I remember one drunken night in Debbie’s car going to Haunted Houses in Kansas City on Halloween during our junior year.  That was a blast. Just before Christmas, Debbie’s parents had an office party.  Debbie and I were supposed to help her mother out at the party.  We had to wear dresses.  We had drunk grain alcohol drinks and smoked pot before we went into the party.  I don’t remember most of the night, but I hoped that I maintained my gracious etiquette.  I remember bits of laughing a lot and trying not fall off my heels while carrying a serving tray with food.  Richard and Ken were spiking my coke with Rum at our first family gathering without George at the Leawood condo.  Debbie gave me a bong for my 17th birthday which I hid under the driver’s seat of the Ford.  Doris found it the following spring, and I was grounded for a few weeks as a result.  Debbie loved REO Speedwagon.  She had a cassette player in her Ford Mustang which was brand new.  We went to Olivia Newton John’s Physical Tour at Kemper Arena in Kansas City, MO.

Algebra II was a challenge during my junior year.  Since Dad had told me that Doris wouldn’t pay for my college tuition, I lost my academic ambition.  I did take Spanish and French that year.  There were many semester electives like sociology, psychology, and world literature as well as required courses like American Politics and Speech and American Literature.  I performed well with the ACT, but didn’t take the PSAT.  Debbie and I enrolled in an Anatomy course where we dissected cats.  Fortunately, we formed a group with Julie and Shannon who did most of the biological work in the dissection.  Julie wanted to major in physical therapy or something requiring a scientific orientation in college.  Debbie and I also volunteered for the Publicity Committee for the school play.  We said we called radio stations. The play sold out every night so no one scrutinized our contribution or lack of contribution to the effort.

During the summer of 1980, Debbie started working at the 103rd street McDonalds Restaurant instead of the bowling alley.  We were both going to finish most of the required high school course work by the end of the first semester  of our senior year so we enrolled in college credit at Johnson County Community College (JCCC) while we were still in high school.  My friend Lisa from the high school golf team would enroll in Freshman English with me at JCCC.  Her father had given her a used card to get around so we would car pool for JCCC in the mornings and to Blue Valley in the afternoons during the 2nd semester.  Debbie didn’t enroll in freshman english at JCCC.  She enrolled in an introductory class to computer programming.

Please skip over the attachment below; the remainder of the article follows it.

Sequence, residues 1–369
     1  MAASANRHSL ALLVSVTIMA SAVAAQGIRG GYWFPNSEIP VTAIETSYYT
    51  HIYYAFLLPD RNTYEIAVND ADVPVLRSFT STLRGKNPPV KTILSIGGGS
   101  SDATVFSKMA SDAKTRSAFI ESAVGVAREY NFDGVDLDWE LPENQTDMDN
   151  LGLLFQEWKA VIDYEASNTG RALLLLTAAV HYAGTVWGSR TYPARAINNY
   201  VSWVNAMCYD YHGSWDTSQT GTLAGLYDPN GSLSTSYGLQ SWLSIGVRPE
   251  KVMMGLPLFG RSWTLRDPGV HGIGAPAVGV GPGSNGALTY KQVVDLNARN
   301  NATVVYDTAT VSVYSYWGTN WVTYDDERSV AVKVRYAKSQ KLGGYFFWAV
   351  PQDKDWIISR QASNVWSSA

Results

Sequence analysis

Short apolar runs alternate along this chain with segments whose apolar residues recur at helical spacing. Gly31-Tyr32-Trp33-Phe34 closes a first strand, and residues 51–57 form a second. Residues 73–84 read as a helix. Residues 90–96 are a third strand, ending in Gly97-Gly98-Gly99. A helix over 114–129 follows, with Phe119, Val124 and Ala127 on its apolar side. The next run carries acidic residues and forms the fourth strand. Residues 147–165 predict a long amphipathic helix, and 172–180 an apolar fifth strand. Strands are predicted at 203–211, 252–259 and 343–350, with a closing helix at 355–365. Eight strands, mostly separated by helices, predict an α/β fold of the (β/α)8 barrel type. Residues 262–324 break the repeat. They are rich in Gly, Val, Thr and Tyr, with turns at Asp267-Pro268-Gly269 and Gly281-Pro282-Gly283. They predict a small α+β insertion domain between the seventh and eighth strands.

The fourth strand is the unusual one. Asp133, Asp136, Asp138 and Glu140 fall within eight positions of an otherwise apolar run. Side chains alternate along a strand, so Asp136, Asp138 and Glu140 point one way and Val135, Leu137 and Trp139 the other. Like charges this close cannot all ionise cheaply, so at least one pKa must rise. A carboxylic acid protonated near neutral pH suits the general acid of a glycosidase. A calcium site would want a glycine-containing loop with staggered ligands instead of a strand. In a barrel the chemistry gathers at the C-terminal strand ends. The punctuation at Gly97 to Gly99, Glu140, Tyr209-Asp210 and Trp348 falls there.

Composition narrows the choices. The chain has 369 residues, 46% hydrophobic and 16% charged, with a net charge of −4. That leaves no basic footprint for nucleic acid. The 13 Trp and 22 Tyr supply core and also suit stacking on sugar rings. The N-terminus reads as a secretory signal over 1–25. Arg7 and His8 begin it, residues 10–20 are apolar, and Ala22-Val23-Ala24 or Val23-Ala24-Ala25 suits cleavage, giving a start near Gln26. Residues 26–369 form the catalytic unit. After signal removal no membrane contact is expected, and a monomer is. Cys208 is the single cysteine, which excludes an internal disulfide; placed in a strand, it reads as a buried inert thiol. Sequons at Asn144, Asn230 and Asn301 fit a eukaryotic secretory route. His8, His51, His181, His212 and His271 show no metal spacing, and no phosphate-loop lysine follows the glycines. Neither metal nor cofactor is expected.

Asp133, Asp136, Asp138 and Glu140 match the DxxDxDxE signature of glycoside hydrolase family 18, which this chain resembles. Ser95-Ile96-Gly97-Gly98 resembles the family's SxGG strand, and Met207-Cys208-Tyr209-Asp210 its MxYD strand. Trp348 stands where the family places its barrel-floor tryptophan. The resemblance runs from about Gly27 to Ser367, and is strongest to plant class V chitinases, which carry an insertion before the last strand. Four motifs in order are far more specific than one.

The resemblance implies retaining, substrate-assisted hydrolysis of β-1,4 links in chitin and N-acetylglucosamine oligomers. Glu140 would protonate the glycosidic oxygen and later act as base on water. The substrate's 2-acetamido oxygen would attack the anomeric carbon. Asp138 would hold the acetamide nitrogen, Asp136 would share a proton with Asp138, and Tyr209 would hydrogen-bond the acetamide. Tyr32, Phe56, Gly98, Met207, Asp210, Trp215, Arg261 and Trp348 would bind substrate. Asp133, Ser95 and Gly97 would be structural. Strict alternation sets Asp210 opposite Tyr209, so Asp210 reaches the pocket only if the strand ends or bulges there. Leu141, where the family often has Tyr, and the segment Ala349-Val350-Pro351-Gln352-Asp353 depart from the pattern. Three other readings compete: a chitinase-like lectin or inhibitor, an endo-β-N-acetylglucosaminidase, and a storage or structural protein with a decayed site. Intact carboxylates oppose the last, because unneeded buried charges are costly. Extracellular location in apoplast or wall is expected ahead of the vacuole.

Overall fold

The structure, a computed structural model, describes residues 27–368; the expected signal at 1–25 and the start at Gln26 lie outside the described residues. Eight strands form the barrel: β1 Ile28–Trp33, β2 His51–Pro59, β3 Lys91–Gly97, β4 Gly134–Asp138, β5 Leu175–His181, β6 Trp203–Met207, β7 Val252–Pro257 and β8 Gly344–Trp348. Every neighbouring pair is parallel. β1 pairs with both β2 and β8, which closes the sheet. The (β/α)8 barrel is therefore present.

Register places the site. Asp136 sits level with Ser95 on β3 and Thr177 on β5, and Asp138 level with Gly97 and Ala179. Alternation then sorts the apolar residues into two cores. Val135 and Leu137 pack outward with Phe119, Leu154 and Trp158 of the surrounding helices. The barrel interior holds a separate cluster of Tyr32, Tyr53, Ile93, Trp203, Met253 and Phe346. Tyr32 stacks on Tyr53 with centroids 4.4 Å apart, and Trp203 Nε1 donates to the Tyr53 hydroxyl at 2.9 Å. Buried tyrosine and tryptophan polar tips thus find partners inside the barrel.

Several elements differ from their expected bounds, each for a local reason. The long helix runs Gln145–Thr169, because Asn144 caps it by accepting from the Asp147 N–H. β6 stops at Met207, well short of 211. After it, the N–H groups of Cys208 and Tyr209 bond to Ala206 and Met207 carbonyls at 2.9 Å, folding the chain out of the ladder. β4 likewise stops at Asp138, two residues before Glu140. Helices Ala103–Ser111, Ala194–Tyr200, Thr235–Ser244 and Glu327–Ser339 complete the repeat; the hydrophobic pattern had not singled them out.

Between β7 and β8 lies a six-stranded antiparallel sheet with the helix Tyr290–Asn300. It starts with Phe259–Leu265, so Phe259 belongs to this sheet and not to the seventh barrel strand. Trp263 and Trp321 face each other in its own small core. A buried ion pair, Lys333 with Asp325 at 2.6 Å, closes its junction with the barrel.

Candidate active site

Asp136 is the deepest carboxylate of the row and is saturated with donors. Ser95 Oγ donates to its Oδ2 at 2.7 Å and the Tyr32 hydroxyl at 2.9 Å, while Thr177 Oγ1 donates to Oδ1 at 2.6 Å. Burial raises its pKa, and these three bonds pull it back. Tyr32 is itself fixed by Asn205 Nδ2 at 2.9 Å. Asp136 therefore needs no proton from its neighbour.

In the fall semester of 1980, I had a full load of classes at Blue Valley.  My golf game had not improved since I went to Pine Needles Golf Camp where I learned what a challenge a golf course could be to an amateur’s golf game.  My emotional turmoil mixed with alcoholic and pot gave me an attitude that wasn’t conducive to the composure and execution required to win the game.  I was rarely an alternate scorer for the team although I continued to play all the tournaments.  Values like honesty and integrity became more important than winning as well.  In fact, I felt besieged by moral issues during my junior year of high school.  Coach East caught me lying to her and never trusted me again.  My anger and rage at Doris turned into an oppositional defiance of cuss words and smoking cigarettes.  I met Sheryl who played for Emporia High School in 1980 at a regional high school golf tournament.  She chewed tobacco instead of smoking the stuff.  She was smart and witty and fun to be around.  I would meet up with her again in the summer of 1981 when I began college at Emporia State University (ESU).

During the fall semester of 1980, the girls golf team began selling trash bags door-to-door in Leawood South to raise money for a trip to Tan-Tara Resort at the Lake of the Ozarks in Missouri.  The trash bags were bright yellow.  Our school colors were black and gold.  Many people substituted yellow for gold when it came to school colors.  Somehow, we sold school spirit with those trash bags.  We wanted to pay for Coach Taylor and his wife Nancy to go with us because they were experienced with making hotel reservations and renting and driving us in a van.  Julie, Shannon, and I began selling raking services when people started to complain about their good-for-nothing sons that won’t rake the yard.  By the spring of 1981, we had enough money for the trip.